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Thread: The legal responsibilities of clubs?

  1. #1

    Default The legal responsibilities of clubs?

    Are clubs legally obliged to insist that you take out insurance when you train with them, or can it be optional at your own risk?

    They all seem to insist that you sign a disclaimer saying that you won't sue them if you get injured, so what's the point of insurance?

  2. #2

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    As far as I understand (I used to run a trad JJ club), signing a disclaimer is not worth the paper...if the instructor showed negligence that led to your serious injury, you have every right to pursue a legal option.
    Proving the negligence part I presume is the tough part since no jury/judge will find in your favour when you have volunteered to engage in a pursuit that has high levels of risk (to an outsider anyway, we all know BJJ is safe )

    One of the things I was always told by my senior trad JJ instructors was that membership to their governing body gave us instructor indemnity. Thus, we were protected by a larger body in case of a student wishing to sue us.

    BJJ does not have this structure.
    But, I beleive the GAA (Grappling Arts Association) is the nearest thing to a dedicated insurance scheme (for both student and instructor) that will cater for our needs. I am going to join them when my own trad JJ insurance runs out as it is moderately cheap and you never know what might happen.

    Not quite answering your question, sorry, but I thought these points might be of interest.
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  3. #3
    Senior Member Rob T's Avatar
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    I am pretty sure a club can insist you take out insurance yeah. I doubt they can legally force you to do it through them, but you'd probably have to get insured by the same plan regardless.

    The disclaimer isn't a free-for-all, it's just evidence the club have on their side to say "Look, this guy knew their were risks", just in case it's needed. If the disclaimer specifically says you can't sue them then it might not even be legal though, I dunno??
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  4. #4

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    Would you guys train at a place where you hadn't been asked to take out any insurance, yet did have to sign a disclaimer stating that you understand the risks and you will not sue?

    Would you train under these circumstances even if the training area had no wall matts?

  5. #5
    Its not his cup you can feel.... Mike Bishop's Avatar
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    Quote Originally Posted by Rob T View Post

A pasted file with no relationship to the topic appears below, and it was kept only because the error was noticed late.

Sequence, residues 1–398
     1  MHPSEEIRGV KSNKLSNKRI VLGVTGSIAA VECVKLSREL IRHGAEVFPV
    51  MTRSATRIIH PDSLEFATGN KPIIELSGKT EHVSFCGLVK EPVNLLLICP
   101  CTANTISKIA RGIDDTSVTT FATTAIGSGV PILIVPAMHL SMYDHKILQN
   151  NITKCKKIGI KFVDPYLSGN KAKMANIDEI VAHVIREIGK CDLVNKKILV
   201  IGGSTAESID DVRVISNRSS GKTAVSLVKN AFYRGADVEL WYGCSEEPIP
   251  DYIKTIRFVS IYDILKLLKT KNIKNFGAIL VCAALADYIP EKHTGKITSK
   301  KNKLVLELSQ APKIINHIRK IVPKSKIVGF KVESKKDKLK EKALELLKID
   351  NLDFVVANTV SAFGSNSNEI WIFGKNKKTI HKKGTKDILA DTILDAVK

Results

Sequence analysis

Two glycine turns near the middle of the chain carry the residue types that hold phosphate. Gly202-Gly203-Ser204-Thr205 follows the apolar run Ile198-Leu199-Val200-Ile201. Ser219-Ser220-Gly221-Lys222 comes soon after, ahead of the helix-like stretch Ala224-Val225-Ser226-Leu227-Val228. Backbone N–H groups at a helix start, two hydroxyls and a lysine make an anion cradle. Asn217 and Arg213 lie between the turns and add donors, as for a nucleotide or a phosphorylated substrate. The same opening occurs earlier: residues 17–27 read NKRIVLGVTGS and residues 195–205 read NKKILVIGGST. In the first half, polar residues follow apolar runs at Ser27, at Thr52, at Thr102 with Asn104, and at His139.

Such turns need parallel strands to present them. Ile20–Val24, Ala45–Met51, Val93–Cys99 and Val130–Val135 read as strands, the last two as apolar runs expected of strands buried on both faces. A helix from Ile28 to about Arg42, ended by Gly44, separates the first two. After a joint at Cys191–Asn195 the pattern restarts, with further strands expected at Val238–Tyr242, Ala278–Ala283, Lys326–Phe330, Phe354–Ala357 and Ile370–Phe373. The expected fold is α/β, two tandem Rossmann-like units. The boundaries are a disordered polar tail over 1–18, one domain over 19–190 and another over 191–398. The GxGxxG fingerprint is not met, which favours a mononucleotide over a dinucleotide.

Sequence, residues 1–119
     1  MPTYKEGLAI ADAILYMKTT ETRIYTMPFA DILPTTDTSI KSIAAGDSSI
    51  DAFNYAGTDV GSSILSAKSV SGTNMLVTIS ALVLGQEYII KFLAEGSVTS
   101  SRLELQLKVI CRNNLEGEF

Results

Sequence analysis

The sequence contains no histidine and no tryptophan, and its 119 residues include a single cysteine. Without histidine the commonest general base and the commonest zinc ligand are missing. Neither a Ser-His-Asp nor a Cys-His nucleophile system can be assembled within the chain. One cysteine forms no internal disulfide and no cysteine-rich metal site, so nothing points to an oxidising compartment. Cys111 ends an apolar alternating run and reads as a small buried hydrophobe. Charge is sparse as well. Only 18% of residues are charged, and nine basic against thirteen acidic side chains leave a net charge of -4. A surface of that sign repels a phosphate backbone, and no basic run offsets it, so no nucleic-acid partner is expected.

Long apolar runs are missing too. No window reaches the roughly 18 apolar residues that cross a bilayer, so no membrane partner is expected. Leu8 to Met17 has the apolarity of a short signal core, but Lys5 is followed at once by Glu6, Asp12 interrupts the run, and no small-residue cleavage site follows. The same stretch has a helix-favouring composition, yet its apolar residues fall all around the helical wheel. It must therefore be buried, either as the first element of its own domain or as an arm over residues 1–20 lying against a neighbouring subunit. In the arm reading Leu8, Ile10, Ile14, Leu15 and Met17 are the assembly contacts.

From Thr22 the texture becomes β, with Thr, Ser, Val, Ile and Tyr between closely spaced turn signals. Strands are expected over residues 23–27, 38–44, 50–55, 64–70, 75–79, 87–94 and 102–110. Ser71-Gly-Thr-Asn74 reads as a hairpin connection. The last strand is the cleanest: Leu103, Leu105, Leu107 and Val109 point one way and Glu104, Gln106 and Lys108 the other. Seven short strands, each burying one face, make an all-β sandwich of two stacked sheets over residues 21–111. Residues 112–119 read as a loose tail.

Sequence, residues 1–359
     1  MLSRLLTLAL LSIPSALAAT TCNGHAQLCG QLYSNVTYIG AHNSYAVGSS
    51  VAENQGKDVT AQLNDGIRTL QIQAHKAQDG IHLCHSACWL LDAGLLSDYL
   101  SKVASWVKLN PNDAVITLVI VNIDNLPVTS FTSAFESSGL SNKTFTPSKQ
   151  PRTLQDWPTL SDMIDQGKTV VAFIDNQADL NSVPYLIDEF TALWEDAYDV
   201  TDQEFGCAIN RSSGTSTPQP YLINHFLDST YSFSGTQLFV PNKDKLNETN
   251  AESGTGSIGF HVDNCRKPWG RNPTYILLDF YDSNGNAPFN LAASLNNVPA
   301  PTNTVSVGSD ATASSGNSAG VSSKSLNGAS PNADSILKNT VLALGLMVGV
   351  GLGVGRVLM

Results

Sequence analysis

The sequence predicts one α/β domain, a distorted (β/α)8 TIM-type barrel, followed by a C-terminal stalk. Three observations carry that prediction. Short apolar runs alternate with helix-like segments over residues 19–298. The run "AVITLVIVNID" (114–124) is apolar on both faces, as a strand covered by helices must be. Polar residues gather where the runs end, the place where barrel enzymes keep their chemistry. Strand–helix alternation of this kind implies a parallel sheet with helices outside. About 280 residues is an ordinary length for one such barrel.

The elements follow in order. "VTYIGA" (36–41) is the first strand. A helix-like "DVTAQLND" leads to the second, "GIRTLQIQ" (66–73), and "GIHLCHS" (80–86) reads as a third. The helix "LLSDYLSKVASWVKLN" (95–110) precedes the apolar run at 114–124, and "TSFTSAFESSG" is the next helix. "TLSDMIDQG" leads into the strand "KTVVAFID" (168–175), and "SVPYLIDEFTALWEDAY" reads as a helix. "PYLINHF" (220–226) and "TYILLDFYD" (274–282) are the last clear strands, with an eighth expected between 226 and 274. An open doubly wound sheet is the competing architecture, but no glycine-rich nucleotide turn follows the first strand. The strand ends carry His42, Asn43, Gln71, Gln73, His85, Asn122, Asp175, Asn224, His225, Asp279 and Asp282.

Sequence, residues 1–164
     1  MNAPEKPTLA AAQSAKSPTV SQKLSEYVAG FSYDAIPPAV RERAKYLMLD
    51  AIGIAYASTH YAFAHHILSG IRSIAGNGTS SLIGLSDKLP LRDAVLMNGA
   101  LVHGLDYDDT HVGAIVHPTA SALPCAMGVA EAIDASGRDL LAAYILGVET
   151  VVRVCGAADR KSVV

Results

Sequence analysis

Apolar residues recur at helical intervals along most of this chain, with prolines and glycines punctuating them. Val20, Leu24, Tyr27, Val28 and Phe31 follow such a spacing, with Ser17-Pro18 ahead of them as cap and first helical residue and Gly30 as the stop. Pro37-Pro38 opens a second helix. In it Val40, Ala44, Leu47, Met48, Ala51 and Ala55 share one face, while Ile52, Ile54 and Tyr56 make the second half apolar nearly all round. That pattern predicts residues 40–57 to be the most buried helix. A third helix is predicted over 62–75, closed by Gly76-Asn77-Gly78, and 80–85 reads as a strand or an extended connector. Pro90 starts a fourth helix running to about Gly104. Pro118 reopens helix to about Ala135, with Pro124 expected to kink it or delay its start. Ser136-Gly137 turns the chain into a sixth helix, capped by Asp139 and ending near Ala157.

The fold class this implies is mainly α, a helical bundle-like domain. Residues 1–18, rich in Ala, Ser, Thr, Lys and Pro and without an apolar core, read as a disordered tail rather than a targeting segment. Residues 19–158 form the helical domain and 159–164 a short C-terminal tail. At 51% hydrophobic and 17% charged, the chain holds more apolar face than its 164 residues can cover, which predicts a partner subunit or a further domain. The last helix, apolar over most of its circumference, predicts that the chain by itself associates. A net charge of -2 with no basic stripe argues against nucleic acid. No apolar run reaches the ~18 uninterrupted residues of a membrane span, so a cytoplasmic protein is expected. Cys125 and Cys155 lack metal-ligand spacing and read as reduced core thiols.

I am pretty sure a club can insist you take out insurance yeah. I doubt they can legally force you to do it through them, but you'd probably have to get insured by the same plan regardless.

    The disclaimer isn't a free-for-all, it's just evidence the club have on their side to say "Look, this guy knew their were risks", just in case it's needed. If the disclaimer specifically says you can't sue them then it might not even be legal though, I dunno??
    I think those disclaimers are generally used to demonstrate that the person was aware of the risks but they're also used to take advantage of people who don't have access to lawyers. As said previously, you can't exclude liability for death/PI arising from negligence. You would just have to show that a duty of care exists (which it clearly does) and that the duty of care has been breached resulting in the injury. There's more to it but all clubs should carry insurance. Even if an individual has insurance, the injured person's rights are subrogated to the insurer who would likely bring a claim against the club/the clubs insurers to recover the money paid to their party.

  6. #6
    Its not his cup you can feel.... Mike Bishop's Avatar
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    Quote Originally Posted by Iconoclast View Post
    Would you guys train at a place where you hadn't been asked to take out any insurance, yet did have to sign a disclaimer stating that you understand the risks and you will not sue?

    Would you train under these circumstances even if the training area had no wall matts?
    it wouldn't be valid - as said you can't exclude liability for death/PI arising from negligence so any agreement not to sue isn't valid. If a place has no wall mats then that's likely negligent and you could recover for your injuries.